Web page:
Once the presentations were complete and all the questions were asked, the parents and mentors got a chance to partake in an “open-house” scenario where all the doors were opened and people could walk around and see all of the topics and ask more questions to all of the grade 5 students. They would not be required to present again, however, this opportunity allowed for them to really show their learning in a more relaxed manner after a somewhat stressful presentation beforehand. It was amazing to see the joy around the rooms – it was over, all the determination and conviction to succeed had been fulfilled that night.
I said my goodbyes to all of the staff members and parents that I had become acquainted with during my time at ISS and I was once again reminded that, if I ever needed anything, the team at ISS were only an email away.
We drove back home on a high that night; the youngest son was elated that all his hard work had come all together for his excellent presentation in his third language of English (which, he had only been studying now for just over 6 months) and I was somewhat content with the fact that it was my last day at the school. It did not feel like a final goodbye, however. I know that the staff at ISS and the students too would welcome me back with open arms if the chance ever arrises in the future of my professional career.
Overall, I look upon this final weekly reflection with a sense of wonderment. Where has the time gone? It has went by so quickly and yet, I cannot remember my former self at the same time. I have gained so much personally and professionally both from ISS and the day-to-day ongoings of my host family.
I really have accomplished what I set out to do and that was to:
- Improve my language competency in German – I can now understand larger volumes of spoken language in conversation and I can also interact with day-to-day scenarios far greater than I could before. I have also been able to support beginners of German during lessons at ISS but I have also witnessed the skills and competencies of mother tongue speakers of German and the high calibre of language that can be achieved from children of a young age. How this relates to a scottish setting is that I now know that immersion is key to language development and that children of EAL should not be undermined in their capabilities of language acquisition. Interwoven within the language understanding, I have also been able to understand more of the culture of Germany with my host family. History of Kirchheim, the Fruhlingsfest beer festivals, the roads of Germany and so many more components that make up the culture of both Stuttgart and Kirchheim unter Teck have been really unpicked by myself during my time here. I have submerged myself as much as I could during my time here.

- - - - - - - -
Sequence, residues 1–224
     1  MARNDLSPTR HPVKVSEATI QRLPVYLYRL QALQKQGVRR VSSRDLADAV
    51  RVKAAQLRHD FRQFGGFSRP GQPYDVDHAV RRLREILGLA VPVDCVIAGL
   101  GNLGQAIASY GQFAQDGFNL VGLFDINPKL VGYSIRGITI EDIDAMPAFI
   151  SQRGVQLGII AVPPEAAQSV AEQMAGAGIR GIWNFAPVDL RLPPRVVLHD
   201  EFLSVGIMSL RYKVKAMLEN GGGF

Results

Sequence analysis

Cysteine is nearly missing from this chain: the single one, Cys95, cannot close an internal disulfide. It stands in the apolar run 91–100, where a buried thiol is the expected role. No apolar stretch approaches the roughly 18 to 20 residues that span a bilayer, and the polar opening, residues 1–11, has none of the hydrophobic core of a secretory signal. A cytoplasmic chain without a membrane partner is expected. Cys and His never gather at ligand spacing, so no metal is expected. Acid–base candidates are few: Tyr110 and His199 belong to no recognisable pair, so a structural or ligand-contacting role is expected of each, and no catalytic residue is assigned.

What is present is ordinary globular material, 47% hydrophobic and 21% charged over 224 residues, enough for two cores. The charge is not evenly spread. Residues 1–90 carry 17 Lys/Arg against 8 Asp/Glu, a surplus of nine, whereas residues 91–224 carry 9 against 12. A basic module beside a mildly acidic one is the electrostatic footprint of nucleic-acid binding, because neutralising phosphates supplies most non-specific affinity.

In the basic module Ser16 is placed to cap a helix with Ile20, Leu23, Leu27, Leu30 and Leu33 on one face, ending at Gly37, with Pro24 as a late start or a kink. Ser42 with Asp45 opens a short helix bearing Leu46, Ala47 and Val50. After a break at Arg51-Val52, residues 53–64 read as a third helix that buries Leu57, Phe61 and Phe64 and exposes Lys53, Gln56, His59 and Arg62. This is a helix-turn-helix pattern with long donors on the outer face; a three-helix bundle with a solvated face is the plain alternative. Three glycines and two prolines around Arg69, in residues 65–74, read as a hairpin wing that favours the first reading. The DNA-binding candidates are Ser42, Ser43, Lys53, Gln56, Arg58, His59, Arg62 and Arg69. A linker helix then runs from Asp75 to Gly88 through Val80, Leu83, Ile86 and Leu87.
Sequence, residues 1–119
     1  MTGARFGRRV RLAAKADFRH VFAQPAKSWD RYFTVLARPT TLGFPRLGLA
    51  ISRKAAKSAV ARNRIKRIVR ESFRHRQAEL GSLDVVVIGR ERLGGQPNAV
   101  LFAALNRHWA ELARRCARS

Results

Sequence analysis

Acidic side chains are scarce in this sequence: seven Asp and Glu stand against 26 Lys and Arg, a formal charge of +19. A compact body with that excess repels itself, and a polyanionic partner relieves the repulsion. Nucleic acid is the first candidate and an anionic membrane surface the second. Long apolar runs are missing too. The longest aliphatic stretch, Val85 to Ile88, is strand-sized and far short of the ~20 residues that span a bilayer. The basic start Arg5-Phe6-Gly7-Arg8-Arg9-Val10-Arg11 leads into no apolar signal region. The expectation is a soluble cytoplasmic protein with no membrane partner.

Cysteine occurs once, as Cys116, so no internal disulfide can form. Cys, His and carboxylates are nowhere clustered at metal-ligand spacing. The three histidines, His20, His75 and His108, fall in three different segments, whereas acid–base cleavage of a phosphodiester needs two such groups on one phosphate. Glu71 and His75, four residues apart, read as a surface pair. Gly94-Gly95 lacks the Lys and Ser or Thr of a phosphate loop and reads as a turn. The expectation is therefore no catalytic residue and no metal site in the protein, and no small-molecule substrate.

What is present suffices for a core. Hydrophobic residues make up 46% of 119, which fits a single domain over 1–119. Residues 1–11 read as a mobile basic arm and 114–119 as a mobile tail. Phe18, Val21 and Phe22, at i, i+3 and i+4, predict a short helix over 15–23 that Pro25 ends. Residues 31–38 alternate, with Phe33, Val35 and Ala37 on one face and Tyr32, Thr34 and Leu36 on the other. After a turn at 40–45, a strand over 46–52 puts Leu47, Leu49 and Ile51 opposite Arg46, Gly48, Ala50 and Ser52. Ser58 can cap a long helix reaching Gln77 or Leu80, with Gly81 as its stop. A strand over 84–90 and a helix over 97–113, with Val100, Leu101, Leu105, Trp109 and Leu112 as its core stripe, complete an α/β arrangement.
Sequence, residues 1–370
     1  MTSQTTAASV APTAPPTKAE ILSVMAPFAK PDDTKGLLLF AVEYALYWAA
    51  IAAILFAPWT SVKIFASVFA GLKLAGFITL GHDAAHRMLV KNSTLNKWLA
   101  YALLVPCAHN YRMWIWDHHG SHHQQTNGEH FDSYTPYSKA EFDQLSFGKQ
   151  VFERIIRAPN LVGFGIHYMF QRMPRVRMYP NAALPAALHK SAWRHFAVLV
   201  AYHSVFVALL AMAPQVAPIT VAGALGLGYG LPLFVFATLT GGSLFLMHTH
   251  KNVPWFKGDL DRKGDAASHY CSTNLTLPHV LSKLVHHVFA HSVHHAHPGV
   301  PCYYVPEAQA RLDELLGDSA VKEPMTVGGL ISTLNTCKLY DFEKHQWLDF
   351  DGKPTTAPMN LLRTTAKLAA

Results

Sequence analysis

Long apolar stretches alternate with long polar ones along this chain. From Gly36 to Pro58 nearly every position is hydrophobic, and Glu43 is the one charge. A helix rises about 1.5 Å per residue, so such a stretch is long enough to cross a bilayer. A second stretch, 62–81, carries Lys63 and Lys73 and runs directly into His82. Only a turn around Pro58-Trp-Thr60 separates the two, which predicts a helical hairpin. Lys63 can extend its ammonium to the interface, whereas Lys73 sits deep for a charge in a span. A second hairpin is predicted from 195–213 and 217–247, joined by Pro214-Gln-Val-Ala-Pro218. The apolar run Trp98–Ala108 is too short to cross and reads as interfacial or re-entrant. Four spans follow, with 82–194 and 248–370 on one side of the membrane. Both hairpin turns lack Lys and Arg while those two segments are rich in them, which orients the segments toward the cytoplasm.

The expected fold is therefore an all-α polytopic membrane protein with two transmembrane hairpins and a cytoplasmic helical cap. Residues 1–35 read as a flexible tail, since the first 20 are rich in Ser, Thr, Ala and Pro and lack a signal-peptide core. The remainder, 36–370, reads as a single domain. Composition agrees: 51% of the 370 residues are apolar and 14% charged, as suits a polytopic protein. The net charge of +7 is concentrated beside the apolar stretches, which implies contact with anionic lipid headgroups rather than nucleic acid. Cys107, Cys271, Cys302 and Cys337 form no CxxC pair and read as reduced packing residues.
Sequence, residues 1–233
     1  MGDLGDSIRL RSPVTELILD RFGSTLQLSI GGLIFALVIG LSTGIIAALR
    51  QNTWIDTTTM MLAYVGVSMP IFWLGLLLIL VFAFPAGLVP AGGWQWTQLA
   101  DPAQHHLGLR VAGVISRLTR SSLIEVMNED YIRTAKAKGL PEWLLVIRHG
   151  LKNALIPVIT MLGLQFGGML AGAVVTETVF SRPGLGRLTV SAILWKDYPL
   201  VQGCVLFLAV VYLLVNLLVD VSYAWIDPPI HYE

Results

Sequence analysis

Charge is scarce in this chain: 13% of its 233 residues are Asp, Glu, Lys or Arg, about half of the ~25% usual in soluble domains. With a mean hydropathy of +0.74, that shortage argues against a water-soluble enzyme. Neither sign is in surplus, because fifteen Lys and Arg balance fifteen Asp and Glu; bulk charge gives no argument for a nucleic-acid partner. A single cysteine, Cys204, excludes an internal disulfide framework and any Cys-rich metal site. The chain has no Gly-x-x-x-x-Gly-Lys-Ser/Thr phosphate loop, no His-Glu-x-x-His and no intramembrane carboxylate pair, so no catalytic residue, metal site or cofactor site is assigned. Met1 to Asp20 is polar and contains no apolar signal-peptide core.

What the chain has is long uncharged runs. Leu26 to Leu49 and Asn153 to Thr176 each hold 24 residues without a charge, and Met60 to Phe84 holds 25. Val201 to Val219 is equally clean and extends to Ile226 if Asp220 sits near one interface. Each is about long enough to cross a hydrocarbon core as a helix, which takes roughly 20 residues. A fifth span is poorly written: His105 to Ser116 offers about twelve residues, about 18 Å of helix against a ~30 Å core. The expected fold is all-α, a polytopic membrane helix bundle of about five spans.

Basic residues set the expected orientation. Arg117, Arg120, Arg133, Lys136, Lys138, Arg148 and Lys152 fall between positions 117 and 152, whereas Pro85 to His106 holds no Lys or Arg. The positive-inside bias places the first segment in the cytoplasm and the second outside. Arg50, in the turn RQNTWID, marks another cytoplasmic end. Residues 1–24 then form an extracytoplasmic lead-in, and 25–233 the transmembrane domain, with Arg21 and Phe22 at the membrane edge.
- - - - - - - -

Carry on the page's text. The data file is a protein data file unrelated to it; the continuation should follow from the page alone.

- I have learned so much about the PYP at ISS and how it relates to the entirety of the International Baccalaureate system across the world in international schools. Not only have I gained firsthand insight surrounding the ongoings in an international school environment myself and reflected on them, I have also had opportunities to have lessons that relate to the IB myself across the grades. It has really made me reflect on what it means to be a teacher because the systems are quite alien when compared with the Scottish system. I can see both major positives and some negatives in the practices and curriculum structure, showing a criticality forming for my ongoing professional development.
- I have seen so many strategies used by practically all the practitioners at ISS. I am very happy I planned with the lower school principal to divide my time across all grade levels because it allowed for me to both observe and work within classroom environments that were unique to the particular practitioner that was in charge of them. I have also seen the whole progression of the PYP education system right from the nest through to grade 5 before the students make their way to the middle school programme.
I can now share my opinions more confidently, partly because I now have a more structure opinion surrounding education with this experience, and I feel as though I will take more risks and be confident about those risks. If someone had told me I have: survived an entire week alone in Germany, driven over 2000 miles across “Autobahnen und Straßen”, taught across all levels in an international school environment and have experienced cultures of Germany including seeing historical sights, taking public transport and partaking in the beer festivals festivities I would have laughed. These are only snippets of what I have accomplished and I am glad I have this blog as documentation for the learning I have done.
It has been amazing.